In Part One of our interview with Hellboy creator Mike Mignola, we discussed the recent original graphic novel, The Midnight Circus, and his narrative influences. In Part Two of our spirited conversation, we explore the forthcoming Hellboy in Hell storyline, the changing status quo of his universe—where Mike gently corrects my understanding about a particular character—and our favorite new vampire film.
Alex Carr: While young Hellboy begins his adventures in The Midnight Circus, his career, as we know it, ends in Hellboy in Hell. What awaits him in Hell?
Mike Mignola: A lot of family stuff; I’ll say some old “friends” with quotations marks around it; a lot—a lot of stuff [laughs]. The first volume of Hellboy in Hell is really settling him into Hell. We get a tour of that world—not the complete world, but Hellboy gets shown around a bit. We get to see a little bit of how my version of Hell works. And most important, we see that by Hellboy appearing in Hell, major changes have happened with the guys who have been running Hell. Hellboy gets in there and throws a pretty big rock in that pond.
There are some major changes that happen, and really, after that first volume I want to focus on doing smaller stories for a while and go back to my spin on fairy and folk tales. My long-term goal with Hell—we’ll see the Greek underworld, we’ll see the sort-of Asian underworld of Hell so I can do Asian-related fairy tales and folklore and use the creatures from those mythologies.
AC: There’s an apocalyptic theme running through your entire universe at the moment. We’ve got Hellboy in Hell, and in B.P.R.D. there’s a multi-year arc called Hell on Earth. Why so grim?
MM: You know, things do look pretty grim, but I think there are more laughs in Hellboy in Hell than there are in B.P.R.D.: Hell on Earth. I think Hell is getting nicer and Earth is getting worse [laughs]. Once we figured out what we were doing, the whole point of the Hellboy/B.P.R.D. stuff has always been evolution. The kind of evolution we’re seeing on Earth is nasty evolution—part of this kind of evolution is that you have to wipe out what was there before you can replace it.
In B.P.R.D., a lot of the old ways of doing things are being replaced, and people are going to struggle against things like, you know, giant monsters coming down to re-pave the planet. Human beings are going to try to stop that. Can they do it? I don’t know. Everything is changing, and there’s a lot of destruction that goes along with it.
MM: Baltimore is a totally unrelated series from Hellboy. Do you mean Witchfinder?
AC: I’m sorry. I thought Lord Baltimore fit in there somewhere—
MM: No, no. If, in fact, World War I came to a screeching halt because vampires starting overrunning the world, people would reference that.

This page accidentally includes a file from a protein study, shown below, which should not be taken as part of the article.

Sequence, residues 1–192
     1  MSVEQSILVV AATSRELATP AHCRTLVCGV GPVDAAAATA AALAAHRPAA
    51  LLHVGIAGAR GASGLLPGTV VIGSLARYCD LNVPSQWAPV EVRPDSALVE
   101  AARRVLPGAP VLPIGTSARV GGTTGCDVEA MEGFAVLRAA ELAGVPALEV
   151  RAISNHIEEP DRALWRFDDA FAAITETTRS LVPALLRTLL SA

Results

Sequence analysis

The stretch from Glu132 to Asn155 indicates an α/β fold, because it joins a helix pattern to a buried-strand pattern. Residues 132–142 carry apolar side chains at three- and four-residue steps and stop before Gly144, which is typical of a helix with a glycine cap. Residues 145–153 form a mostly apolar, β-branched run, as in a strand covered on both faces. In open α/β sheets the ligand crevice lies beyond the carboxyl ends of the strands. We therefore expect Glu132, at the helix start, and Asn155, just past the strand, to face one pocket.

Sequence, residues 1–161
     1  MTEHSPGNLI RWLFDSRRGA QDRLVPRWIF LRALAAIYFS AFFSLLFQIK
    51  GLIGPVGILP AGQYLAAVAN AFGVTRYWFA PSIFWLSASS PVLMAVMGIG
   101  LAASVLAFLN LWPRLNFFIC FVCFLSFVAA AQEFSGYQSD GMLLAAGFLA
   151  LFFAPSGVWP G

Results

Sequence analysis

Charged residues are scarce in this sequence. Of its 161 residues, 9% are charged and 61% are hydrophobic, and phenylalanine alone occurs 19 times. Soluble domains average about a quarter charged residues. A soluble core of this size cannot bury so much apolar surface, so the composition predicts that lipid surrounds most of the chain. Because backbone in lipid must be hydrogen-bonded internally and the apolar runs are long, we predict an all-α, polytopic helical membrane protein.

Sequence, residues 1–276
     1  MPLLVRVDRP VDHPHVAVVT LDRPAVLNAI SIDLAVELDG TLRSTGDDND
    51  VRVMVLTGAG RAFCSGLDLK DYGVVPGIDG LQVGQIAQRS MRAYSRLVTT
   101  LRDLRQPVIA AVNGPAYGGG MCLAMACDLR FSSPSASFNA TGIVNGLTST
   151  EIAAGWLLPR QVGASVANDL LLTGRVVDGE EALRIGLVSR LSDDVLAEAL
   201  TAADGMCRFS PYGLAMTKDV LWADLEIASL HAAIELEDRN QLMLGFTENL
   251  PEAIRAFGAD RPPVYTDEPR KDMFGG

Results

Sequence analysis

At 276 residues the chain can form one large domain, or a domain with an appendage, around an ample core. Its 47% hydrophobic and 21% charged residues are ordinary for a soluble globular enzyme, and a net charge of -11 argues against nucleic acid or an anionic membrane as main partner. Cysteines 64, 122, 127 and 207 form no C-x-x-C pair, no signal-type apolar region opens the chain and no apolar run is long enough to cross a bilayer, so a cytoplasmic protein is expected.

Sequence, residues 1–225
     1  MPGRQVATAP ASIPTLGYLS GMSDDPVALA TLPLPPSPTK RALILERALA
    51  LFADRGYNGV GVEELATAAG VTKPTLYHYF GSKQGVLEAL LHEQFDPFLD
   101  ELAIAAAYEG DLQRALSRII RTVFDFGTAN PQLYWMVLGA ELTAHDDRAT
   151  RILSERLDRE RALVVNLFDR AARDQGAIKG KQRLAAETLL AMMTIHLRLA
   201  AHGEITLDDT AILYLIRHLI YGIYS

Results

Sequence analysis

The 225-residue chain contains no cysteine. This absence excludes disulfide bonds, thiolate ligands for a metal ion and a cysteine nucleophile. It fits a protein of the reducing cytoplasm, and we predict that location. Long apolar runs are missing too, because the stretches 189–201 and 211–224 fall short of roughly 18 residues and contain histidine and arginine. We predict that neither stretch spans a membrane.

AC: Thank you for the correction, Mike.
MM: I hope it doesn’t hurt sales! If people think it’s a part of the Hellboy universe, maybe that’s why it sells as well as B.P.R.D. [laughs]. And that’s fine.
AC: They’re all resonating with readers, and when you create characters, be they leads or peripheral, is there a thread you recognize that makes for particular favorites among fans?
MM: I wish I could say I had any idea what I was doing when I designed characters. I just take things I like and make my version of it. Baltimore was never intended to be anything other than this original novel that Chris Golden and I did together. There was never any thought of this thing going on and becoming a series. If there’s any common thing between these characters, it’s that they weren’t anything I was seeing in comics. Almost everything I’ve done is something I wish somebody else was doing, because it’s what I’d like to read.
Way back when, Hellboy was entirely the comic I wish someone much more talented than I was doing, because I would have been a huge fan of that comic. But nobody was doing it, so it fell to me to do it. Baltimore, maybe on some level, is a reaction to how romanticized vampires are portrayed today. I’m a fan of the old-school supernatural stuff. So, the idea of glitter-y vampires and romance-y vampires…not my favorite thing. I was very happy to create a book that was completely on the other end of that spectrum.
AC: I agree, and I’m going to break here and ask if you’ve watched Kiss of the Damned. It’s a new vampire film—
MM: I have.
AC: Is that the kind of vampire you love, because I thought it was very old-school.
MM: Yeah, I thought that was great. I usually don’t like things with a modern setting, but that I liked. That one had nice relationship-stuff but it didn’t take the teeth out of them. My daughter is reading various YA [Young Adult] vampire stuff, and I ask her, “Is there even a bad vampire in the story?” There’s always a good vampire now, but do any of them sleep in coffins? And I would bring her down to my library and say, “Here’s every classic vampire literature. There are coffins, there’s this, there’s that,” you know? “When you get to the YA stuff, you may try some of this stuff just to see where it came from.”
AC: Reading The Midnight Circus felt like such a fine way to end autumn, and your stories play so well to that season—maybe it’s Dave Stewart’s colors. Are you a fan of that season and the Halloween celebrations?
MM: You know, I don’t do anything for Halloween. I carry Halloween inside of me [laughs]. I don’t do costumes, I don’t do sh_t like that. But certainly to look around my house—it’s not decorated like Halloween—it’s all fall colors. I love Halloween as a concept, but do I actually go out and do things? No. Trick or treating? Pain in the ass. Hate answering the door all night long. I do love fall, which is bad because I live in Los Angeles [laughs].